I wrote out this great post yesterday, went to hit publish and in an instant, it oddly, but sadly, disappeared. I guess this is my second try, so we’ll see how this one turns out!
I have been waiting until Reason was going well with mounting, sitting and some walking before I introduced the bridle into the mix but after a comment from A*, who said I should go ahead and do it after observing how good Reason was being the other day, I thought it probably would be a good time. The couple times I did put on the bridle, I still felt Reason needed time to adjust to a new association with it. He would chomp on it and looked almost half out of it. (You know how boxers and cage fighters pump themselves up before a match? It seemed like that.) Even putting it on, walking for ten minutes and taking it off would be a good idea. I felt that he had a, in all good respects, confident idea that when the bridle came on, work was only just around the corner. Which is obviously true, but it’s the work itself that is changed and therefore, his idea of the bridle would need to change. The bridle almost posed as a road block. The bridle would stimulate a mental idea that was strong and trained into him. Thoroughbreds have such work ethics and desires to please. This “road block” was a positive one nevertheless, but it had to be moved to allow us to move forward. So, I guess by spending that time, bridling him, walking and taking it off, allowed for a shift in idea to happen.
Reason is a sensitive horse. Much more sensitive than Ink was. Reason is not only physically sensitive but also mentally. Ink was more laid back but was openly naughty. There was no second guessing with Ink, he was an honest horse almost all of the time. Reason has to be handled with care, in a couple respects, although he has a great disposition. Reason is the kind of horse that you can show something once and he gets it from there on out. But it’s how you show him, that matters and will ultimately define his idea of whatever new thing he’s being presented too. You can’t overwhelm him. Although he learns extremely fast, introductions should be taken slowly.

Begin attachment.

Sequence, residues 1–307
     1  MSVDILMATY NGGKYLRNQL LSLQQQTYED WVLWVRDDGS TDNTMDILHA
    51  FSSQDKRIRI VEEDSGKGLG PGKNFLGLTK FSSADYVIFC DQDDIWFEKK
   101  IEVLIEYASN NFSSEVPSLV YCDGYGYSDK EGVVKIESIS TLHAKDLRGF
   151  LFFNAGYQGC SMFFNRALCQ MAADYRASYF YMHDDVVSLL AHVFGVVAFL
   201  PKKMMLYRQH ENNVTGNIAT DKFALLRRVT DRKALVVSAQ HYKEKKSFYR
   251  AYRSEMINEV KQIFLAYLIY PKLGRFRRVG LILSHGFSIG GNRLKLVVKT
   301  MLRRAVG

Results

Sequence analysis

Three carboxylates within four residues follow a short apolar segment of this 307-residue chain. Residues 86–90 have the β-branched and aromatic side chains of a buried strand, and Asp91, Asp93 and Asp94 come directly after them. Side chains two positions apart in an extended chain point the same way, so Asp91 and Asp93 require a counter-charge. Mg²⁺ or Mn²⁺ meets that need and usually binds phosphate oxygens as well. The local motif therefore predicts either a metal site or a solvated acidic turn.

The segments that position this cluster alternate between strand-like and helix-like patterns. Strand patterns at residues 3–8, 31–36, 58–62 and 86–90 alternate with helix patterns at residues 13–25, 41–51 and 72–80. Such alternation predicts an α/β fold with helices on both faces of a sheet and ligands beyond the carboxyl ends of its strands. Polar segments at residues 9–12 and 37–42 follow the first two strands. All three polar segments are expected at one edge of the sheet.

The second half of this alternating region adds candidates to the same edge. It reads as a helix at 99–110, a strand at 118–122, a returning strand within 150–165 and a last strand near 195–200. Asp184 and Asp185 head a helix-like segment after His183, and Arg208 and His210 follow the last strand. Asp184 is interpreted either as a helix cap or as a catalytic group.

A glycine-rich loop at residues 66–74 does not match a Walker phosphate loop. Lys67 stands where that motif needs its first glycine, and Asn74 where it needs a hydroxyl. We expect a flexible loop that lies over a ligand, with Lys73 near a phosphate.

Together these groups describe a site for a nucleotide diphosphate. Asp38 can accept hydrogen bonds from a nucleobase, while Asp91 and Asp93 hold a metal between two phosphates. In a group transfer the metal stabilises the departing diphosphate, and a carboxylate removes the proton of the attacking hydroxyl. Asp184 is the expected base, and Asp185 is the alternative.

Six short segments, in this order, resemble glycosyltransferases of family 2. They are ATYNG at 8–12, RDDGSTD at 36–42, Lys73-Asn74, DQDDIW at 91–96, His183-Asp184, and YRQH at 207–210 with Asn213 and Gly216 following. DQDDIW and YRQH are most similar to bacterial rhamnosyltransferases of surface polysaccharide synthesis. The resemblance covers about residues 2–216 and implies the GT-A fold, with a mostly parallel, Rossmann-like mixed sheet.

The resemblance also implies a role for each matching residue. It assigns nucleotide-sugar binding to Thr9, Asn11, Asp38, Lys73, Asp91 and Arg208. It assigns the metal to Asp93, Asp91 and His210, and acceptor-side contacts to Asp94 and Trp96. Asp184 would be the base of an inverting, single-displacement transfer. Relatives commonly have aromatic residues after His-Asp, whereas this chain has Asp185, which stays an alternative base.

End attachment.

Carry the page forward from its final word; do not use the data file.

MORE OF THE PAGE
Yesterday evening, I went to find the dark bay horse calmly waiting for dinner in his paddock. He was relaxed, probably a little worn out from the heat of the day, but he still came over to me with an optimistic look on his face. This set the tone for the rest of the night. I was so happy to see Reason. Each day is exciting and fun seeing him and there isn’t a moment that doesn’t pass where I’m feeling positive about his future.
Reason and I headed down to the indoor arena, where the sun was quickly setting. The bridle was on but he remained pretty relaxed and willing to hear what I had to say about what exactly we were going to do. At the same time though, I was listening to Reason. He seemed happy and open to whatever may come. After walking him in hand for a little while, I had my lovely assistant Matt, come to the mounting block. In my efforts to make mounting easy and comfortable for everyone, I waited for any signs of angst or excitability. The last thing I want is a horse who finds mounting, or the mounting block annoying. Reason swished his tail, but I asked him to stand still. Once he did that, I walked him away from the mounting block as a reward. I did this two more times, as each time Matt would lean over the dark horses back and then get off. The final time Reason stood still with a relaxed focus on what we were doing. Exactly how I wanted him to be. This pointed towards positive for whatever came next in whatever we asked him. With Matt mounted and Reason patiently waiting, I asked them to move forward and off we went on a nice walk.